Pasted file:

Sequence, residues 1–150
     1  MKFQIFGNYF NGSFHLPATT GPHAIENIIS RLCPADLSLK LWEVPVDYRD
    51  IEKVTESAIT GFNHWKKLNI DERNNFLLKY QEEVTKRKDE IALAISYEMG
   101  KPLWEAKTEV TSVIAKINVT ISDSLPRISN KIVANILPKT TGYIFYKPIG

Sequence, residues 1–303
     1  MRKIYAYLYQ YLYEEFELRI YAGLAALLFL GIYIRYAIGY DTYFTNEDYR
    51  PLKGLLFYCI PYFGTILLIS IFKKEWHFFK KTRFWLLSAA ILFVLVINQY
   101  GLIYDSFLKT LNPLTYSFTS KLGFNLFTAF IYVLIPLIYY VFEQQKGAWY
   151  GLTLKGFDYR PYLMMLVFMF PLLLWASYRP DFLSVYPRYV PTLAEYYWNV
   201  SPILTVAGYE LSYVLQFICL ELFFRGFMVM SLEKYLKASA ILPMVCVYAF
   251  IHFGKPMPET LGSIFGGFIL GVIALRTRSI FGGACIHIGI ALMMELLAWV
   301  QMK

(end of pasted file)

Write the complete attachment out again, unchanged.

Sequence, residues 1–150
     1  MKFQIFGNYF NGSFHLPATT GPHAIENIIS RLCPADLSLK LWEVPVDYRD
    51  IEKVTESAIT GFNHWKKLNI DERNNFLLKY QEEVTKRKDE IALAISYEMG
   101  KPLWEAKTEV TSVIAKINVT ISDSLPRISN KIVANILPKT TGYIFYKPIG

Sequence, residues 1–303
     1  MRKIYAYLYQ YLYEEFELRI YAGLAALLFL GIYIRYAIGY DTYFTNEDYR
    51  PLKGLLFYCI PYFGTILLIS IFKKEWHFFK KTRFWLLSAA ILFVLVINQY
   101  GLIYDSFLKT LNPLTYSFTS KLGFNLFTAF IYVLIPLIYY VFEQQKGAWY
   151  GLTLKGFDYR PYLMMLVFMF PLLLWASYRP DFLSVYPRYV PTLAEYYWNV
   201  SPILTVAGYE LSYVLQFICL ELFFRGFMVM SLEKYLKASA ILPMVCVYAF
   251  IHFGKPMPET LGSIFGGFIL GVIALRTRSI FGGACIHIGI ALMMELLAWV
   301  QMK